Skip to content
July 14, 2014 / ultrafox1963

Gotze gives Germany World Cup glory

German side in celebration - a sight the planet may have to get used to

German side in celebration – a sight the planet may have to get used to

A strike by Mario Gotze, eight minutes from the end of extra time, proved enough to clinch victory for Germany over Argentina in the 2014 World Cup Final.

Although the game was far from the classic that many fans had craved in order to crown a tournament that has often intrigued and occasionally enthralled, it remained tantalisingly poised until the dramatic finale.

The Germans, heavy pre-match favourites following their 7-1 semi-final victory over hosts Brazil, had dominated possession and territory for long spells, without being able to break down a determined, disciplined Argentine defence.

But the Albiceleste will reflect ruefully on the number of gilt-edged chances they spurned before Gotze’s late winner.

A foretaste of the tensions that lay ahead came during the warm-up when German midfielder Sami Khedira strained a calf and had to be replaced by Christoph Kramer in the starting line-up.

Both sides made a somewhat tentative start to the game as the pressure to lift their country’s first major honour of the 21st century was clearly felt by many players in Rio’s iconic Maracana stadium.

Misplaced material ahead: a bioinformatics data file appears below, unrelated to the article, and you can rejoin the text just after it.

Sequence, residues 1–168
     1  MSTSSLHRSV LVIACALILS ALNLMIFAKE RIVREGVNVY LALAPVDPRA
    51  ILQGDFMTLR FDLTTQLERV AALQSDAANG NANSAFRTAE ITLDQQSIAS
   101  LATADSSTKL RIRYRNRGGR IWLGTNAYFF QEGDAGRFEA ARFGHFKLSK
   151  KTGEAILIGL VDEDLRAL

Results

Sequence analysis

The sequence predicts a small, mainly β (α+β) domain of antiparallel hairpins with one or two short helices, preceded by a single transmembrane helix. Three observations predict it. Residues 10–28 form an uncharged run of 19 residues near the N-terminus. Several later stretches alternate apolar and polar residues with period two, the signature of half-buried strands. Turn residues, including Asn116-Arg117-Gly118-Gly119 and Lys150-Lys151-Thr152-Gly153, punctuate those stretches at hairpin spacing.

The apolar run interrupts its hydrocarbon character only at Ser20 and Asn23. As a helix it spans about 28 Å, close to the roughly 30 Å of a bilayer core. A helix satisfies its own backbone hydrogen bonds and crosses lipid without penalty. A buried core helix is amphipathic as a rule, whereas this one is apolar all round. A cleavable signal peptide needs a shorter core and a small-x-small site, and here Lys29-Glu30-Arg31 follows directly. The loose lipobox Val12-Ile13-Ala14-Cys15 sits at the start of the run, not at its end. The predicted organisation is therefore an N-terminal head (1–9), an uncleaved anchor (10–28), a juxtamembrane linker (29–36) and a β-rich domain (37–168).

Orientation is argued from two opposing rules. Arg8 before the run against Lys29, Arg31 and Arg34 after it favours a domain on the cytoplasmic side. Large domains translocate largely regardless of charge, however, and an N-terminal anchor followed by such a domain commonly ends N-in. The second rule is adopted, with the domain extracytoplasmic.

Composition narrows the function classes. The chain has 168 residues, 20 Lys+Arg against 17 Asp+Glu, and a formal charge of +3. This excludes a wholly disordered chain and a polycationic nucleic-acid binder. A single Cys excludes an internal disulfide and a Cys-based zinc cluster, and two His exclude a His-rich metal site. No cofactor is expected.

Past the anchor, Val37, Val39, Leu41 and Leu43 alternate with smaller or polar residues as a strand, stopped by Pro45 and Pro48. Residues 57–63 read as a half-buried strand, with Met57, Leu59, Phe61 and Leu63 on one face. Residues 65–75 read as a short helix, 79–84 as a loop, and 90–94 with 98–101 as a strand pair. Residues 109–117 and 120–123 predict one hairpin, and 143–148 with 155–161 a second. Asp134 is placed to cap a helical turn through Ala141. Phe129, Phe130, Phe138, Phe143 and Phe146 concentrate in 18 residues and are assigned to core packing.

It was therefore no surprise that the first clear chance of the game – to Argentina’s Gonzalo Higuain – should arise from an individual error.

A woefully-misplaced defensive header from German Toni Kroos sent the experienced striker clear on goal. However, he blazed wide when, at the very least, he should have forced opposing keeper Manuel Neuer into a save.

The talismanic Lionel Messi created the next opportunity with an exquisite run and pass which sent Ezekiel Lavezzi clear on the Argentine right. His cross was superbly finished by Higuain, but the striker made his run too early and an offside flag curtailed his side’s celebrations.

Meanwhile, at the other end German attacks continued to be thwarted by a blanket Argentine defence. Kramer was unable to make full use of his unexpected appearance, as he suffered concussion in an accidental clash of heads and was replaced by Andre Schurrle.

Argentina continued to threaten on the break and another Messi run almost brought them the lead. His low cross from the right eluded Neuer, but the lack of attackers in the box allowed Jerome Boateng to make a clearance.

However, Germany ended the first half as the stronger side, with Schurrle forcing Sergio Romero into the first save of the match and Benedikt Howedes wasting a glorious chance when heading a Kroos corner onto a post.

Argentine coach Alejandro Sabella made a tactical switch at the interval, replacing Lavezzi with Sergio Aguero to boost his strikeforce.

This move almost paid dividends within minutes as Lucas Biglia sent Messi clear. But to gasps of disbelief and disappointment from watching Argentine fans, he pulled his shot a foot wide of the far post.

In Argentina’s next attack, Neuer sent Higuain sprawling when rushing to punch the ball away. But Italian referee Nicola Rizzoli – who gave an exceptional display on the evening that wholly justified his selection for the occasion – rightly waved away penalty claims.